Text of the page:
Action prediction during real-time social interactions in infancy
- Claire Monroy, Ohio State University, Columbus, Ohio, United States
- Chi-hsin Chen, Department of Otolaryngology, Ohio State University Wexner Medical Center, Columbus, Ohio, United States
- Derek Houston, Department of Otolaryngology, Ohio State University Wexner Medical Center, Columbus, Ohio, United States
- Chen Yu, Department of Psychological and Brain Sciences, Indiana University, Bloomington, Bloomington, Indiana, United States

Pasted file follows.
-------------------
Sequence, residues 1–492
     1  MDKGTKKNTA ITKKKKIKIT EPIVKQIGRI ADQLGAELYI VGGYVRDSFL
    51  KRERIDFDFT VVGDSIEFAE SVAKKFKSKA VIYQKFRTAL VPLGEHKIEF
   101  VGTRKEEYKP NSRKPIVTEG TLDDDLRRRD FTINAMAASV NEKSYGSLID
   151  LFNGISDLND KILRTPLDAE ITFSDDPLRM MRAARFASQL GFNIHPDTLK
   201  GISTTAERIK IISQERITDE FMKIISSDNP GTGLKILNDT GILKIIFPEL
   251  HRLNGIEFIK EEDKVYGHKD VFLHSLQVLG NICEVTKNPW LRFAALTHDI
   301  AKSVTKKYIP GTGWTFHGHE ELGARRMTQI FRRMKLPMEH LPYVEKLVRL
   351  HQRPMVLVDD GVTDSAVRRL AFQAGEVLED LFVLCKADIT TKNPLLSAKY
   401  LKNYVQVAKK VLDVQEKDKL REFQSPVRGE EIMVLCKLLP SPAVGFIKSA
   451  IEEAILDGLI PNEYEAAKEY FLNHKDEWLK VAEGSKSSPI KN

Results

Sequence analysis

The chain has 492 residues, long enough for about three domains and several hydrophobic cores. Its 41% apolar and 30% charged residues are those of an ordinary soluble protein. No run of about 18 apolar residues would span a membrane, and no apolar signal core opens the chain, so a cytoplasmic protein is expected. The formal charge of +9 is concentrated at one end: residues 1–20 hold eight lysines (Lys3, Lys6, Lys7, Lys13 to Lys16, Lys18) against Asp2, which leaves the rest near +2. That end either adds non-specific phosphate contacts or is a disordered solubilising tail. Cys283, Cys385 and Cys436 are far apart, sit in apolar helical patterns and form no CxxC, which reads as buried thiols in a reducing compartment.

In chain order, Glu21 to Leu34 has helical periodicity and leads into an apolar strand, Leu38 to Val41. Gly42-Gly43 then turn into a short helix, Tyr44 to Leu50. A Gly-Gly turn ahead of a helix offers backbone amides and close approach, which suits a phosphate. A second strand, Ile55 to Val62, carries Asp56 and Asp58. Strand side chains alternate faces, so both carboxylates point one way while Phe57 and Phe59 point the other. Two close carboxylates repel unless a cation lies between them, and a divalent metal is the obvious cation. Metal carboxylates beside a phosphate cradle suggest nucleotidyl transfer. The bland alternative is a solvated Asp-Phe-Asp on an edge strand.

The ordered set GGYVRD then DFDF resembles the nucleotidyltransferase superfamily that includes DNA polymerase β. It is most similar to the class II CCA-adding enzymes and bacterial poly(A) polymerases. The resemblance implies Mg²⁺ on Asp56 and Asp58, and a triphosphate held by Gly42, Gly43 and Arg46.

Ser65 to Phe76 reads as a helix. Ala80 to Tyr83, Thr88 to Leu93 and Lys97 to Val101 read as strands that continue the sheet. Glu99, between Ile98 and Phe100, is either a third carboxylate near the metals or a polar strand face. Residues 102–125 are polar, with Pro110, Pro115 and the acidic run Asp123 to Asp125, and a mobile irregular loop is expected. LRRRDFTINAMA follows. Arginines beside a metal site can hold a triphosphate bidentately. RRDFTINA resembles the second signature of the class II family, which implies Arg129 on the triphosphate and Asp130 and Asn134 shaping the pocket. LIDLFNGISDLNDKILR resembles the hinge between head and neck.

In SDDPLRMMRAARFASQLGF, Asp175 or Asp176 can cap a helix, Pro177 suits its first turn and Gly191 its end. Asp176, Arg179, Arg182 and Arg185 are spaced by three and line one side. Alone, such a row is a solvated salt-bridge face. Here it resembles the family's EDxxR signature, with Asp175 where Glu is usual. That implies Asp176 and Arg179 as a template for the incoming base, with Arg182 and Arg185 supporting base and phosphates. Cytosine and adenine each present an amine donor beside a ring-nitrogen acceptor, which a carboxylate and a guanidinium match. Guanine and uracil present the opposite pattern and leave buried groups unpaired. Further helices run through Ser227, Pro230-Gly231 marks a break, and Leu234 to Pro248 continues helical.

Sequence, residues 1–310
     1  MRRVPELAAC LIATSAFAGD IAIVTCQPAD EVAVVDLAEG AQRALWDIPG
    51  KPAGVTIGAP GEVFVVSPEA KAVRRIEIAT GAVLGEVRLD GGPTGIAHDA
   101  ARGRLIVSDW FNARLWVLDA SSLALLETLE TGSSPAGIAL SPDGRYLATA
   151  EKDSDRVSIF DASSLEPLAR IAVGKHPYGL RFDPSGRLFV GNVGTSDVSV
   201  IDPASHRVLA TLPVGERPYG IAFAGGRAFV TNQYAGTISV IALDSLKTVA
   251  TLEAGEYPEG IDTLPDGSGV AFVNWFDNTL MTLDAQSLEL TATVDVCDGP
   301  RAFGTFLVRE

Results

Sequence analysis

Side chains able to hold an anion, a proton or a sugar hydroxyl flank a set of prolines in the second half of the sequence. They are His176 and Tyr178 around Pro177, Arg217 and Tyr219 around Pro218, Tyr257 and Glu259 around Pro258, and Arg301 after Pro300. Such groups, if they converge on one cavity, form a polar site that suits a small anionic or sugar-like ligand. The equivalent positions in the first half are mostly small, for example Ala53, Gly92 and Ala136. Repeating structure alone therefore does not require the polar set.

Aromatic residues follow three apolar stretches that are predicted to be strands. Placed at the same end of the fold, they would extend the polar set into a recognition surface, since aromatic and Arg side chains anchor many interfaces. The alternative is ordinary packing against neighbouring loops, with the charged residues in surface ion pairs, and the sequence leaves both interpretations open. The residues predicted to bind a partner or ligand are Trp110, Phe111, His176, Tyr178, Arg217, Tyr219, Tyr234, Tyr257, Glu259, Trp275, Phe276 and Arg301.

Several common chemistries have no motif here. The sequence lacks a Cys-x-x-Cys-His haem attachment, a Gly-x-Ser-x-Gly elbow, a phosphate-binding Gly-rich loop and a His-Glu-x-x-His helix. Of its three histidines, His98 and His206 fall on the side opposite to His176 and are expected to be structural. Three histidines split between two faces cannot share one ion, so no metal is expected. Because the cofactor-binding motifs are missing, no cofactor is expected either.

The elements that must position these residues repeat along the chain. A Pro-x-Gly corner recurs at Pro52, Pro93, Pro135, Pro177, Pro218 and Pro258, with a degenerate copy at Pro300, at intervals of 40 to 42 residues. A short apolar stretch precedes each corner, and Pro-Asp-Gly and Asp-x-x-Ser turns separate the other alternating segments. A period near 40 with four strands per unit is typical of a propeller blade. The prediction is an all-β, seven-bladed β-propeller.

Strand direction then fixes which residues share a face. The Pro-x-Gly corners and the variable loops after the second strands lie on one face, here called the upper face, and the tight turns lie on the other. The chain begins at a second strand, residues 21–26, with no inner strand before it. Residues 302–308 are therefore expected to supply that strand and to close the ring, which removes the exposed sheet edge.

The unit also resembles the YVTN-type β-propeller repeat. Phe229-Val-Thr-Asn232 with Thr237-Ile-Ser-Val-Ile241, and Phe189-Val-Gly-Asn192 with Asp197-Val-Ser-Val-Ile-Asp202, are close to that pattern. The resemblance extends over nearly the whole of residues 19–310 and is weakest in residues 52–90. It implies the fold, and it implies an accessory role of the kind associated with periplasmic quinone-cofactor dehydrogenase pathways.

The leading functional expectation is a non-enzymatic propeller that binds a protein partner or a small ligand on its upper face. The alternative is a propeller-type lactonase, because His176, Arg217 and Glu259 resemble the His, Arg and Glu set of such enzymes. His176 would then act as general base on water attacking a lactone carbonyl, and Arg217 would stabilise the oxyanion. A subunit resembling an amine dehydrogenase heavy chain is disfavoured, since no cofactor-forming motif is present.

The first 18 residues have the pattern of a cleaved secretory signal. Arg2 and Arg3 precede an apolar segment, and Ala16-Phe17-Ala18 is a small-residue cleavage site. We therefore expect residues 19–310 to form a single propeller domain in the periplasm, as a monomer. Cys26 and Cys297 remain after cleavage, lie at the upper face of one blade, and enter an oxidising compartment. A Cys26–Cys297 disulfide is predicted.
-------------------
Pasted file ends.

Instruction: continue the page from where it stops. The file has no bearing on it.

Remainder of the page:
AbstractDevelopmental theory considers action prediction as one of several processes involved in determining how infants come to perceive and understand social events (Gredebäck & Daum, 2015). Action prediction is observed from early in life and is considered an important social-cognitive skill. However, knowledge about infant action prediction is limited to evidence from screen-based eye-tracking tasks. Little is known about action prediction in real-life action contexts. Our aim in the current study was to provide new evidence on whether and how infants anticipate actions in free-flowing parent-child interaction. Using dual head-mounted eye-tracking, we analyzed infants’ visual anticipations of their parents’ reaching actions while they played with objects together. Findings reveal that infants anticipate their parents’ actions at a rate higher than would be expected by chance.
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